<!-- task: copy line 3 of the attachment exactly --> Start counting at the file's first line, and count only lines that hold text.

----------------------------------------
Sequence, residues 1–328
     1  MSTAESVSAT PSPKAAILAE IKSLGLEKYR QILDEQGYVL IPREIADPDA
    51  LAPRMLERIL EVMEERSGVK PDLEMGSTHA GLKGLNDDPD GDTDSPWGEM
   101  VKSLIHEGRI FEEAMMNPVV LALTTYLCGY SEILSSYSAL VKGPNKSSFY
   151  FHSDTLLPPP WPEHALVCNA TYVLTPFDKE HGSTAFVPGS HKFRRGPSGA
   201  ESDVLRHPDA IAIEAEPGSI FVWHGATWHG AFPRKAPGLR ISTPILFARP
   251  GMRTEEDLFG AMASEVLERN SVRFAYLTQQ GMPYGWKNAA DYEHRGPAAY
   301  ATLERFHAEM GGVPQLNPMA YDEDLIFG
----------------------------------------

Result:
    51  LAPRMLERIL EVMEERSGVK PDLEMGSTHA GLKGLNDDPD GDTDSPWGEM